If you've got a backyard garden, February is an excellent time to get started on planting your spring seeds! Cool season crops grow best in early spring and thrive in cold temperatures, but not so much in heat. Some of these plants are good for fresh eating and some are great for storing over the winter. Planning your garden in advance is key because once you start planting, it’s important that you get everything right - including what kind of soil you have, how many seeds should be planted in each row and where exactly those rows should be placed within your space. Read on to learn which seeds you might want to plant this month!
Kale is a cool season vegetable that thrives in the spring, and is a great source of vitamin C, calcium, iron, fiber, and protein. By planting these seeds in early spring, you will have kale to harvest by summertime when the plants begin to bolt. You can keep harvesting from your plants until they go dormant in late fall before freezing temperatures set in.
A staple vegetable that can be used in a variety of snacks and meals, lettuce is easy to grow and can be harvested in just 40 days! You'll want to pick lettuce that has just started forming heads when picking it; otherwise it will likely become bitter as it grows older. If left too long on the plant without being picked/harvested, lettuce tends towards bitterness – this isn't necessarily bad since there are some varieties specifically bred for this purpose (also called "cut-and-come-again").
Peas are one of the best plants to grow if you live in a cooler climate. Peas can be grown in the ground or in raised garden beds. Pea plants will produce gorgeous flowers and edible pods once they've matured; once you harvest your peas, they can be eaten raw or cooked. Pea plants are easy to grow and provide an excellent source of protein when they're mature enough to harvest!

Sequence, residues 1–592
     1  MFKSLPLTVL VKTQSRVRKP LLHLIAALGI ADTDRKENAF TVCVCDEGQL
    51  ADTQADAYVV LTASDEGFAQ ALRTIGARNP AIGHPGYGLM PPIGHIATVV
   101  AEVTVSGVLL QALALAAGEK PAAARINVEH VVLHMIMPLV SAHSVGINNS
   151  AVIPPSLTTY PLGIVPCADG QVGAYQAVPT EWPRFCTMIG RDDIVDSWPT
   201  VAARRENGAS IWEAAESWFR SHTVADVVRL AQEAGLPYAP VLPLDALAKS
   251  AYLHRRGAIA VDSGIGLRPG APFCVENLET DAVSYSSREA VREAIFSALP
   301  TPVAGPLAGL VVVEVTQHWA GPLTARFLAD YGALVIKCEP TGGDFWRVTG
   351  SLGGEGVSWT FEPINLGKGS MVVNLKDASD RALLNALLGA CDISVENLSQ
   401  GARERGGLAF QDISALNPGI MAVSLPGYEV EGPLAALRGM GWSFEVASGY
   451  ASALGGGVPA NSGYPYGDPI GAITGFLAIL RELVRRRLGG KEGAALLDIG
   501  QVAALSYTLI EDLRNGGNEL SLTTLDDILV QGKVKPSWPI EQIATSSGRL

Spinach seeds will germinate quickly and you can harvest them within 4–6 weeks. Spinach is a non-heading variety of spinach, which means that you won’t get any flowers or seed pods from your plants.
This leafy green is high in iron, potassium and vitamins A, C and K—all great for helping with energy production in your body! The one downside: spinach leaves tend to be more fibrous than other greens like lettuce or kale, so they may not be ideal if you have trouble digesting certain types of fiber (like those found in celery).
Broccoli and Cauliflower
Broccoli and cauliflower are cool-weather crops that can be started in early spring or late fall. Plant them in a raised bed, preferably in full sun. They need regular watering and harvesting when the head is fully formed and the buds are open.
Turnips and Radishes
Turnips and radishes are two of the easiest crops to grow in your garden. They can be grown in a pot or in the ground, and they're ready for harvest within a month. Turnips have a sweet taste and are easy to grow from seed. Radishes can also be harvested quickly, but they have a spicier flavor than turnips do. If you're looking for something spicy or hot, these plants will fit the bill!
Now that you’ve read through our list of the best seeds to start in your garden this February, what are you waiting for? Get out there and get planting! We hope we have motivated you to take up gardening or at least try it out. You don’t need much space or equipment; just a little bit of knowledge about which plants grow best in what season will go a long way towards helping you plant for success. Remember: if your first attempts fail, don’t give up! Keep trying different things until eventually something works out right. Happy growing!